We want to register our opposition to corporal punishment when used as a criminal sanction by Governments. Floggings, amputations and such methods of criminal punishment have no place in any judicial system in the 21st century.

Mr Chairman The protection of human rights is a paramount obligation of each and every State. Many States have recently taken significant steps to improve human rights. We welcome Laos’ and Burkina Faso’s recent ratification of the Disabilities Convention and Laos’ ratification of the ICCPR. Brazil acceded to both Optional Protocols to the ICCPR this year.

We commend the constructive way in which small nations – such as Vanuatu, Tonga and Tuvalu – have approached their Universal Periodic Review, notwithstanding the challenges facing small island states without representation in Geneva. Australia welcomes the launch of the ASEAN Intergovernmental Commission on Human Rights, the first regional human rights body in the Asia-Pacific. We look to the Commission to fulfil the expectations of the people of the region.

Australia focuses on current challenges, but we continue to be mindful of past injustices. As we recognised through our apology to Indigenous Australians, we cannot move forward until we examine the past. In this vein, we welcomed the launch earlier this year of the United Nations trust fund for a memorial to honour the victims of slavery and the transatlantic slave trade and were honoured to become an early contributor.

Unfortunately, some countries have failed to live up to their obligations to their people. The situation in Fiji has worsened since April when the military regime abrogated the Constitution, imposed draconian Public Emergency Regulations, dismissed the judiciary and delayed elections until 2014. We call on the regime in Fiji to withdraw immediately these regulations, to make good on its commitment to genuine dialogue, and to move quickly to free and fair elections.

We share longstanding concerns about Iran’s fulfilment of its human rights obligations. Iranians should have the right to peaceful protest and free expression of their political views. We deplore the violence that followed the June presidential elections. We are concerned by the continued detention of so-called opponents of the regime, executions of juvenile offenders and discrimination against minorities such as the Baha’is. Australia urges Iran to ensure transparency in its judicial system, and to investigate fully reports of torture, rape and death in detention.

We have consistently called for democratic reform and reconciliation in Myanmar, including the release of all political prisoners. While condemning the conviction of Aung San Suu Kyi on spurious charges in August, we welcome the recent contact between her and the Myanmar Government, and we urge genuine dialogue. Australia strongly supports the engagement of the UN Secretary-General on Myanmar, and we urge Myanmar to respond constructively to his proposals.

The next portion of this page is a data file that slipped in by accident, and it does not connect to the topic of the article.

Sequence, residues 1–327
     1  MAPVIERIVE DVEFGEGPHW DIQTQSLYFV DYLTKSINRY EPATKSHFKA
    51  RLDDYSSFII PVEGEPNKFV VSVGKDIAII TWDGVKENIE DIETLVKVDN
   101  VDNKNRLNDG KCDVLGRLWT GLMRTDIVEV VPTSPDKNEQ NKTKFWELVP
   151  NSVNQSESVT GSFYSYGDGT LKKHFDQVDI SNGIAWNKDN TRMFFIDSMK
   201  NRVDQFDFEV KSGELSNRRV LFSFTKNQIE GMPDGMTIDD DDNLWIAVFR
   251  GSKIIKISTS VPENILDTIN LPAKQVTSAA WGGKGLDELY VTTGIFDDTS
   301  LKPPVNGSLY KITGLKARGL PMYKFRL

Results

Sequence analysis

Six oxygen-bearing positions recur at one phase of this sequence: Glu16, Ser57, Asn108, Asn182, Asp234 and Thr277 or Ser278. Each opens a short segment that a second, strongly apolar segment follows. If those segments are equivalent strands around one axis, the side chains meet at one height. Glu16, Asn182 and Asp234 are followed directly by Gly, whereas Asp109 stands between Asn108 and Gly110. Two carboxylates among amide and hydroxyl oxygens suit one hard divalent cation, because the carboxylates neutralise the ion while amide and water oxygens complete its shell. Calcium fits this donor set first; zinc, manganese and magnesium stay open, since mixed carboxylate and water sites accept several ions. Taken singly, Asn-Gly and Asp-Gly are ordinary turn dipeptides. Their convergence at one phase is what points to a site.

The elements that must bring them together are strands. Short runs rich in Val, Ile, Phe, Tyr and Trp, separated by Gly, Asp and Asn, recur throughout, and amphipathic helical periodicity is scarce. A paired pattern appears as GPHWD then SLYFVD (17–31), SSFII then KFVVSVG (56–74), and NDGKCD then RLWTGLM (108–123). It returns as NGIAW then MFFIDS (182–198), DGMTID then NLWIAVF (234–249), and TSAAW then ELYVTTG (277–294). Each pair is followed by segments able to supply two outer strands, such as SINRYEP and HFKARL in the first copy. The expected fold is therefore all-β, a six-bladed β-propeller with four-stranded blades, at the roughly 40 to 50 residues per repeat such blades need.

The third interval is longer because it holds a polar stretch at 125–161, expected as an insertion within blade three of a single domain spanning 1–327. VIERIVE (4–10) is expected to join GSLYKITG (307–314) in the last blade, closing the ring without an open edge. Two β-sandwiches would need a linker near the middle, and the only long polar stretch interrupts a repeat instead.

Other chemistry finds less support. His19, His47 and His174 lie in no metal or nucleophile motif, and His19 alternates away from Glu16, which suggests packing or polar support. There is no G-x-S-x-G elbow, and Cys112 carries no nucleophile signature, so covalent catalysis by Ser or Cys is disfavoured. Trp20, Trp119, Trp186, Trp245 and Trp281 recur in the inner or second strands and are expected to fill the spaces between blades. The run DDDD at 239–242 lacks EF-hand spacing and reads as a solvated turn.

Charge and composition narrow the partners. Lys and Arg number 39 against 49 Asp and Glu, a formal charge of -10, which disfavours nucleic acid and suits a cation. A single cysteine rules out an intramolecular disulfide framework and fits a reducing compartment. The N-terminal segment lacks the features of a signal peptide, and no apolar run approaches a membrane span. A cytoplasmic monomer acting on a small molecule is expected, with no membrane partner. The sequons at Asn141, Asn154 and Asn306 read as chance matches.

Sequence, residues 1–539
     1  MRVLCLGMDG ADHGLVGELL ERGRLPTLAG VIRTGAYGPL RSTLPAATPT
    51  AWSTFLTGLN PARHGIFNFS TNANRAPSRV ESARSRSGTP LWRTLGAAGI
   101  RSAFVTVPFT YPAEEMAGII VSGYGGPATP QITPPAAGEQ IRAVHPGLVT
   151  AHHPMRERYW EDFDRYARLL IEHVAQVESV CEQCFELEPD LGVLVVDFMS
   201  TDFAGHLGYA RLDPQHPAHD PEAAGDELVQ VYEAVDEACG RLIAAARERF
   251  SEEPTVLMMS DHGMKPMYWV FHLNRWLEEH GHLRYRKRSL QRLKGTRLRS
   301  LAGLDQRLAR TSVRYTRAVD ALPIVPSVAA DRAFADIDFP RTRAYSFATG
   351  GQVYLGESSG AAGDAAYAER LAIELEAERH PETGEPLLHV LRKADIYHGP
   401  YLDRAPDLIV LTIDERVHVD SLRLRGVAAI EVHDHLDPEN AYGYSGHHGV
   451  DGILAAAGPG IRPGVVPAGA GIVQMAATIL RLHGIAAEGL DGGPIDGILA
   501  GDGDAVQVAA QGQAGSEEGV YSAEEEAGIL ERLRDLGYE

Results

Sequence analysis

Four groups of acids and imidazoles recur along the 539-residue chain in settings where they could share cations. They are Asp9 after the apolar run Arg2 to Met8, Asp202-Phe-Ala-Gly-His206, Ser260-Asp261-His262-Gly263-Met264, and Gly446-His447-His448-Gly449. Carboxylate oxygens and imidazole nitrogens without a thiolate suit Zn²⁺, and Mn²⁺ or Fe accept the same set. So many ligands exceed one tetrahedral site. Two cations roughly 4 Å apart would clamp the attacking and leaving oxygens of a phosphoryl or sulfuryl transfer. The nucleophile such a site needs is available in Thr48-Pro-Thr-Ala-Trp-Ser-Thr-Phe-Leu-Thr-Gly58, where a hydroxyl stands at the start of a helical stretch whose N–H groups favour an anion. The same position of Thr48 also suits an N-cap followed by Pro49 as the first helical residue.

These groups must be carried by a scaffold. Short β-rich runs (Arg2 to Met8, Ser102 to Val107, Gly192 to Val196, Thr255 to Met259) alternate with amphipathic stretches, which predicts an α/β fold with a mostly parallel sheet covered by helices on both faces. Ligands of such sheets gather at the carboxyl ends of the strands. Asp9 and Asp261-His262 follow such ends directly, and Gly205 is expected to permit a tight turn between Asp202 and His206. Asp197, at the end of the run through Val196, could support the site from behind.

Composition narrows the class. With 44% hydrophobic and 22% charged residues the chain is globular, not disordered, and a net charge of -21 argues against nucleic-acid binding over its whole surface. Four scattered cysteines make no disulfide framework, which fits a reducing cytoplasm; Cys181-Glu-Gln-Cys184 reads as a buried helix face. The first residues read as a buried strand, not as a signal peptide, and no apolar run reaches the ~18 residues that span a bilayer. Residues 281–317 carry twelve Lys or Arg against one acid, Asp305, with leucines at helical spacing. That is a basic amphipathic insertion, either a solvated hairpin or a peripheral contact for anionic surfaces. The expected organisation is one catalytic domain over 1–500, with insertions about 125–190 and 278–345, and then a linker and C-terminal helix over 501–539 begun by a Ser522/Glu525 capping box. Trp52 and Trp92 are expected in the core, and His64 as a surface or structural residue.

Australia, along with the international community, continues to monitor closely the Sri Lankan Government’s progress on the difficult challenge of its internally displaced people, including on their resettlement, as well as how it institutes political reform and reconciliation. Success in these areas is the key to creating a peaceful, stable and prosperous future for Sri Lanka. We have long held concerns about the human rights situation in Zimbabwe. We were concerned to read reports today of the visit of the Special Rapporteur on Torture being cancelled as he was en route to Zimbabwe. We emphasise the importance of country visits to the proper performance of duties by the special procedures and urge Zimbabwe to facilitate access on this occasion.

Mr Chairman The strength of the Australian Government’s engagement on human rights reflects our conviction that national implementation of human rights standards is paramount. And vital global human rights institutions and initiatives should guide and assist States in this process. For this reason the international community must use the forthcoming review of the Human Rights Council to assess the effectiveness of the international human rights system. Australia has been encouraged by aspects of the Council’s work, particularly the Universal Periodic Review and the valuable work of the Special Procedure mandate holders.

We value the independence of the Office of the High Commissioner for Human Rights. And we believe the Human Rights Council can do more to respond to urgent human rights challenges. In this endeavour, and in the promotion, protection and realisation of human rights more broadly, Australia will remain an active and constructive partner. ENDS

Commentary and opinion from Les Malazer – FAIRA 

(Disclaimer: these views are those of the author and do not necessarily represent the views or position of NATSIEC)

Although it is now a few months old, the statement to the UN (below), on behalf of Australia, shows the hypocracy by the government regarding human rights of the Aboriginal and Torres Strait Islander people.